Volume One Special Coverage: Pulling Together While Staying Apart

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The Hole Shebang

golly, have you noticed how many potholes we’ve got?

Mike Paulus, illustrated by Ian Kloster

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It’s getting hard to describe the potholes around here. We’ve been talking about them for months and we’ve simply run out of good adjectives. We can’t even call them “potholes” anymore. Instead we say “sinkhole” or “crater” or “axle breaker” or “The Gapping Maw of Hell Itself.” Because they are getting big. And deep.

Finally, the weather has calmed itself down enough to where the city can get out there and patch things up. But now our streets look all spackled up like the walls of a Water Street student rental on moving day. And there are two ways to look at this.

Firstly, you could be annoyed. Wisconsin drivers who love complaining about the weather excel at this. I mean, we have to deal with the awful inconvenience of Planet Earth orbiting the sun in such a way as to make the Chippewa Valley all chilly and snowy, and just when you think it might be ending – wham-ka-blam – enjoy a nice bone-rattling pothole everywhere you turn, why don’t you? And now that they’re filled in with blacktop, the roads look all splotchy like an old banana. “Why can’t we have anything nice?” you think. And furthermore, “Ew.”

Secondly, you could just hold your head up high and be proud. Those fixed-up holes are just the battle scars of winter, letting Mother Nature know, “Yes, we can deal with this. Potholes are worth it for the chance to live in a place with real seasons, Lady. And hey, thanks for the flowers.”

At the end of the day, potholes and patchwork blacktop are just the price we pay for living here and relying so much on cars. Until some smartypants scientist invents a kind cheap, recyclable road material that can withstand Wisconsin’s flamboyant tango of freezing and thawing, this is what we’ve got.

At the end of the day, potholes and patchwork blacktop are just the price we pay for living here and relying so much on cars. Until some smartypants scientist invents a kind cheap, recyclable road material that can withstand Wisconsin’s flamboyant tango of freezing and thawing, this is what we’ve got. So maybe you drive slower. Maybe you realize we’re all in this together. Maybe you find something different to complain about, like local cable TV providers not showing the sporting events you want to watch.

For my part, I’ve developed a healthy respect for potholes, doing my best to skirt, juke, and/or straddle them on my daily travels. We coexist. I give little nods to the really big ones that block entire lanes of traffic. Yeah, I know they suck, and I wish they weren’t there. However, I accept the fact that we’ve yet to bend the laws of physics to do our bidding. If we could, we’d probably apply our awesome power to less mundane nuisances such as world hunger and global warming.

At least, I hope so.

One thing our motley streets have got me thinking about is my bike, which has been gathering dust for longer than I care to admit, the poor thing. We had a good couple of summers, but it needed some repairs and I neglected it – leaving it to dream of better days, its only friends a half-inflated beach ball and a handful of dead spiders. I’d much rather be out on the streets on my bike right now, as opposed to in my car. The only thing stopping me is my own laziness.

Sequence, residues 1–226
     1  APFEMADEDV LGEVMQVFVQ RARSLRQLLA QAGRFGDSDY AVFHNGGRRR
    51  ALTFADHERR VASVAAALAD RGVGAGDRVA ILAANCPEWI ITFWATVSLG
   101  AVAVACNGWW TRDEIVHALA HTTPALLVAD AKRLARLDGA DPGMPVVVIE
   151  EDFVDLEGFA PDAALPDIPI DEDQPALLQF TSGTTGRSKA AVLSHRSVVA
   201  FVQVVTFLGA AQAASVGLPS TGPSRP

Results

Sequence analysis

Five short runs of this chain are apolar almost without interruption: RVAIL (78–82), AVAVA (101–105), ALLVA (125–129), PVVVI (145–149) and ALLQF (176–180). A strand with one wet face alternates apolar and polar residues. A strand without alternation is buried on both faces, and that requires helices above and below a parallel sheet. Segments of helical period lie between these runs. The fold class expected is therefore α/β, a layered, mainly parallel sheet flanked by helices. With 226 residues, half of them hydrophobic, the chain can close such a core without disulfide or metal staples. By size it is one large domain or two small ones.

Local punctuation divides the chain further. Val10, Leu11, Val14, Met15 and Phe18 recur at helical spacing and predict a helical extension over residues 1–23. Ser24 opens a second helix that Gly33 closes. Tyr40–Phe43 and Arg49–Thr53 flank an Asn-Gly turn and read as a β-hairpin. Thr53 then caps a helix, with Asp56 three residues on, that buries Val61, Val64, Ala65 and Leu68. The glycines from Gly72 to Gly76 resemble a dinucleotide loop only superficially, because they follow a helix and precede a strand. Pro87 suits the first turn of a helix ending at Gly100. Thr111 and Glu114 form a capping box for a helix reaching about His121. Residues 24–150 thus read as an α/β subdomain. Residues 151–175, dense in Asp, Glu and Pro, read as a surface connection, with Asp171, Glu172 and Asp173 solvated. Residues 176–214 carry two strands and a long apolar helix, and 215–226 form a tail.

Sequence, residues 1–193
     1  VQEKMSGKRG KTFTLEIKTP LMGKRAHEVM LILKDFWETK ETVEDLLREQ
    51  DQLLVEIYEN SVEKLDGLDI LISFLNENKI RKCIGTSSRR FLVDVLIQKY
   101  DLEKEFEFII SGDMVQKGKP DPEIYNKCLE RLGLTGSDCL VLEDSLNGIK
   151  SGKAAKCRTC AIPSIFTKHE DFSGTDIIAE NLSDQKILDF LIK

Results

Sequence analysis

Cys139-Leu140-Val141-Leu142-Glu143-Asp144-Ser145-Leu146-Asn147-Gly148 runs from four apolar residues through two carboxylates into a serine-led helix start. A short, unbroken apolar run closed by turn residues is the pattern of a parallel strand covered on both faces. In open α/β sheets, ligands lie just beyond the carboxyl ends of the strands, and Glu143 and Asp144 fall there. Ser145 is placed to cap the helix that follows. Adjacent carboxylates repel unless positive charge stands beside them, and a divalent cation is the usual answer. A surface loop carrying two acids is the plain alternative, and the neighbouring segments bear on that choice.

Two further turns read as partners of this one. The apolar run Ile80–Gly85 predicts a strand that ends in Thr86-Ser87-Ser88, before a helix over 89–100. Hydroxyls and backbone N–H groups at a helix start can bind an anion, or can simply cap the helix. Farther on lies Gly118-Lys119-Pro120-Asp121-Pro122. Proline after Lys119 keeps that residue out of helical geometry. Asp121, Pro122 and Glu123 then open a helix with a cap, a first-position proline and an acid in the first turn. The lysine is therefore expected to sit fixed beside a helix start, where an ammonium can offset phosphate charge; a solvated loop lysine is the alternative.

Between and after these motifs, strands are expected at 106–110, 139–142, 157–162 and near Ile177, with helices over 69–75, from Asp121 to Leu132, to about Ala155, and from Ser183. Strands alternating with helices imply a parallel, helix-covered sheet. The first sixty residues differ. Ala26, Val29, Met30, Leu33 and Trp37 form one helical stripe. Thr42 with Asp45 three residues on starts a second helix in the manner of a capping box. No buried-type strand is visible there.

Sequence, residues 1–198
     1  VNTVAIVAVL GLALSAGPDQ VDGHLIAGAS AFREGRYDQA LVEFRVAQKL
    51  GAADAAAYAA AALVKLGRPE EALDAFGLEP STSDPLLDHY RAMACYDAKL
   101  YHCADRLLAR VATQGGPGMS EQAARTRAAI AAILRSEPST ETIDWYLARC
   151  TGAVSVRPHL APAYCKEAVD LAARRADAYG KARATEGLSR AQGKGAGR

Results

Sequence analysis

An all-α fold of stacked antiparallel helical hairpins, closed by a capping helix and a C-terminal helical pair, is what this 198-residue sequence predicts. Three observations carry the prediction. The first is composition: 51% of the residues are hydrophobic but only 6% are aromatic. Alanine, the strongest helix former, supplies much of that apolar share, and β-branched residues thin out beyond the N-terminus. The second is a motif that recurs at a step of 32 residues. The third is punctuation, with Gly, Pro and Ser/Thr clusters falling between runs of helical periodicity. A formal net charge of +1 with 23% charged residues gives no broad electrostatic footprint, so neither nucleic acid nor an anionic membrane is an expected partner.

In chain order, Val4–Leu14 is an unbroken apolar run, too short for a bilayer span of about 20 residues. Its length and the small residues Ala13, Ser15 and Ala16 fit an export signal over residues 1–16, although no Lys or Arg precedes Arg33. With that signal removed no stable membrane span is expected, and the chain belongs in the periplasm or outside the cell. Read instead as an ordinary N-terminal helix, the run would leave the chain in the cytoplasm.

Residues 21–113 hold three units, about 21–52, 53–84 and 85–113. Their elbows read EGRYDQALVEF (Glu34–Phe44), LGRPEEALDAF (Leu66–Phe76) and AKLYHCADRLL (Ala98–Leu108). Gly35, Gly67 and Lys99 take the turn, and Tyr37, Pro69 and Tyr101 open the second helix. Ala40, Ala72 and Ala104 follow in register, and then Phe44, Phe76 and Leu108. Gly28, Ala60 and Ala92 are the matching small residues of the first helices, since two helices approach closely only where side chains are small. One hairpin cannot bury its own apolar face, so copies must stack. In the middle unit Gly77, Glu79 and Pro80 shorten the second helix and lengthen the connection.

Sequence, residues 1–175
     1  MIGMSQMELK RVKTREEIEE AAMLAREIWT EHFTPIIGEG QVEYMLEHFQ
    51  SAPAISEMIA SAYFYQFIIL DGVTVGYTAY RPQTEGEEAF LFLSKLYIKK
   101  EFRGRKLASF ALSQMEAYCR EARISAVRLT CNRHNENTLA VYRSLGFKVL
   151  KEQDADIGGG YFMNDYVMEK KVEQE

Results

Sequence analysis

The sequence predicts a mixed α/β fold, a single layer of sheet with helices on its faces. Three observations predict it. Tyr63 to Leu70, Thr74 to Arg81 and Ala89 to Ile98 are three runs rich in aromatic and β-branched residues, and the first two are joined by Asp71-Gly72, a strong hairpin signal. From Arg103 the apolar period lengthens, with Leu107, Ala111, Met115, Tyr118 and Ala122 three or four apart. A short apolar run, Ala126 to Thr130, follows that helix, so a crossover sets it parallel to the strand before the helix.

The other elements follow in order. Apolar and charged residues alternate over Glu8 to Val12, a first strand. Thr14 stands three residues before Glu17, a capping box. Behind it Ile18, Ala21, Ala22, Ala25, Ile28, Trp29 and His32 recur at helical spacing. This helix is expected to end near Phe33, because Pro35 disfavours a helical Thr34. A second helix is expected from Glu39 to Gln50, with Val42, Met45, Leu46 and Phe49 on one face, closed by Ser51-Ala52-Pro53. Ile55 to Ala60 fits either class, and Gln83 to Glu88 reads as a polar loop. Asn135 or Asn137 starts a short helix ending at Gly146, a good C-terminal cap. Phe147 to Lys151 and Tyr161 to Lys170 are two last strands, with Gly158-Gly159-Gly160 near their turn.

I realize that bicyclists don’t like potholes either, especially since they do way less to help create them, but it’s a lot easier to navigate around some of these craters on a two-wheeler.

This is also the time of year when we start breaking out lighter-weight clothing and realize exactly what happened to all that Halloween/Christmas/Groundhog Day/Valentine’s Day/Easter candy that kept magically vanishing over the past few months. So if you’re like me, a nice bike ride looks more and more attractive.

National Bike to Work Week is coming up fast – it runs May 13-17 – with many  Wisconsin communities hosting different events and incentives to lure the citizenry into riding bikes for their main transportation (and to reward those who already do). Maybe Eau Claire could host a downhill slalom course around all the craters. Maybe we could organize a biking/spelunking biathlon for some of the bigger potholes.

At any rate, this date range seems like a good (and achievable) deadline for getting bike back in shape, and perhaps later on, myself. I will not fear the potholes. Nor will I feat the dead spiders in the garage. If I’m careful, neither can hurt me.

Lasker Jewelers
Lasker Jewelers

Pulling Together Partners

The following organizations are currently supporting Volume One’s work in the community during the pandemic:

Lasker Jewelers

L.E. Phillips Memorial Public Library, Eau Claire

Downtown Eau Claire Inc DECI

University of Wisconsin Eau Claire

Pablo Group

Wisconsin Independent Network

Middle West Management

Bon Iver

Royal Credit Union

Silver Spring

Evergreen Surgical

Charter Bank

Chippewa Valley Technical College

The Murty Henriksen Family

The Larry and Marie Past Family

The Dan and Kerry Kincaid Family

Anton and Rae Schilling-Smets

Brady and Jeanne Foust

If your organization is interested in supporting Volume One during this difficult time, nick@volumeone.orgcontact us.